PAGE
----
The cat's death struck me as the end of an era. It was, of course, the end of her era, but with the death of a pet, there's always that urge to crowd the parentheses and string black crepe over an entire 10- or 20-year period. I cried for it all and spent the next several months wondering why so few songs were written about cats.
                                                                                                                                                                                           -David Sedaris

I remember the first time I saw her. It was cold and rainy, and Daniel and I had been dragged along on an errand run. We were hurrying back into the car when we saw a little cat in the parking lot, wet and looking completely lost. In the few minutes that we watched, she narrowly avoided being hit twice.

"Mom! Mom! We have to help her!" We cried out, terrified that she would not be so lucky a third time. So we brought a wet and very frightened kitty home, and she quickly became an established member of our household.

'Abandoned' is a big word for a first-grader to learn, and I used it with great pride. "We found our cat abandoned in a parking lot," I'd announce to anyone who was interested, finding it was a great sentence to say because it elicited such a quick reaction in everyone. Teachers and friends' parents were sympathetic and interested, shocked that anyone would do such a thing to a cat and praising me for having saved her from a life of hardship.

I'm the one responsible for naming a primarily white cat Shadow. My dad's parents had a beautiful black cat named Shadow when I was young, that I thought was wonderful. Blind to the color aspect, I proudly christened our kitty the same.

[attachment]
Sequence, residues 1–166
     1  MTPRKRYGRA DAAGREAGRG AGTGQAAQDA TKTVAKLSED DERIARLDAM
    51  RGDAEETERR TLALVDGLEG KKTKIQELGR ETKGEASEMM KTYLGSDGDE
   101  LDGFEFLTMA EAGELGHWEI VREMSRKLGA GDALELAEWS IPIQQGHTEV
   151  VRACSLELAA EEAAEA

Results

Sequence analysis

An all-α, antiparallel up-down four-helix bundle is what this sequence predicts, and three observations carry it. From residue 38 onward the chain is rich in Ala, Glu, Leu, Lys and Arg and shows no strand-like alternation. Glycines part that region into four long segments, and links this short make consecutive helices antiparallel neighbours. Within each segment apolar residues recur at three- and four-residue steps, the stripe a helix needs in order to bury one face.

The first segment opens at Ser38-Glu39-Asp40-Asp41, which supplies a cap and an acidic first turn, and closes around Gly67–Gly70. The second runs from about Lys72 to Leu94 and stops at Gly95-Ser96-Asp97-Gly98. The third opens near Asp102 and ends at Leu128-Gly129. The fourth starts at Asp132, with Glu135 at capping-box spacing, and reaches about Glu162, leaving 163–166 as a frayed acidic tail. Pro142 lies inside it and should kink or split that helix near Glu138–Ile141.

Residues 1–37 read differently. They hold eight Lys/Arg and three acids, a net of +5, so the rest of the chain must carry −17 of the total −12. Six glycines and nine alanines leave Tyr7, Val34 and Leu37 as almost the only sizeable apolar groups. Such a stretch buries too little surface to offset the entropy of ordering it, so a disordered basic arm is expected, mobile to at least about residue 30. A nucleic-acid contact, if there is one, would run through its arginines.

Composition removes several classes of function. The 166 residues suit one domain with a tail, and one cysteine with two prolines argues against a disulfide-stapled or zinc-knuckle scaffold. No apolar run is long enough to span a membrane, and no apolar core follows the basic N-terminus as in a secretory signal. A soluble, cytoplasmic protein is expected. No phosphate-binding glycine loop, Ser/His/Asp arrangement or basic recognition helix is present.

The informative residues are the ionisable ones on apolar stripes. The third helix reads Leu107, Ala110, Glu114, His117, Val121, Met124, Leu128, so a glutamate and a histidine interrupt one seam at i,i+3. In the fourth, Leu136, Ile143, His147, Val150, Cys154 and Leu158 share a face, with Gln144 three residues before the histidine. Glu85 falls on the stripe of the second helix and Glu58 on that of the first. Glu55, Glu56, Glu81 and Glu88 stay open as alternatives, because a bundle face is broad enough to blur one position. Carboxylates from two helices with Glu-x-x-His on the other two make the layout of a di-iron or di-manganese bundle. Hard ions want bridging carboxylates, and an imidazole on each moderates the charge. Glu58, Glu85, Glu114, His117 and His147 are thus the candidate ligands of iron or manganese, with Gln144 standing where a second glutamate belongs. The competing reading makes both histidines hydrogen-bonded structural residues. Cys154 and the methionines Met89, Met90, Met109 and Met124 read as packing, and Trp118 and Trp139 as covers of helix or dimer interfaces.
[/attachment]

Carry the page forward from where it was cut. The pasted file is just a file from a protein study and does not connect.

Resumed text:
Shadow had a lovely temperament and actually liked children, even young ones who would crawl after her and perhaps not pet her so gently. I loved to stay up reading in bed, and Shadow loved to try to stop me. She would sit in front of my book, kneading her claws into my neck and giving me little kisses. This generally wasn't too bad, but sometimes she'd really dig in and it would hurt! Then I'd have to gently try to extricate her claws and move her down to the bottom of the bed, where she'd stay for a few minutes before sneaking her way back up.

Once I found Shadow on the top of the washing machine, with the handles of a plastic bag stuck around her middle. I have no idea how she managed to get herself into such a situation, but guided her back out to freedom. She avoided looking at me the entire time, and once she was out quickly ran away to cover her embarrassment.

She was a terrific mouser. She caught a mouse we had no idea had taken up residence under the kitchen sink. One day she simply stopped, sat outside the cabinet for a few minutes, then pounced and emerged with a wiggling tail hanging out of her mouth.

Old age was not kind to her, though. Her eyesight began to fail, and when we needed her mousing skills in the basement she'd try to follow her nose, heading off in the wrong direction and following old scents. Her behavior completely changed as she reached senility. We kept expecting her to pass away, preparing as she hit the 15 year milestone, the 17, the 19.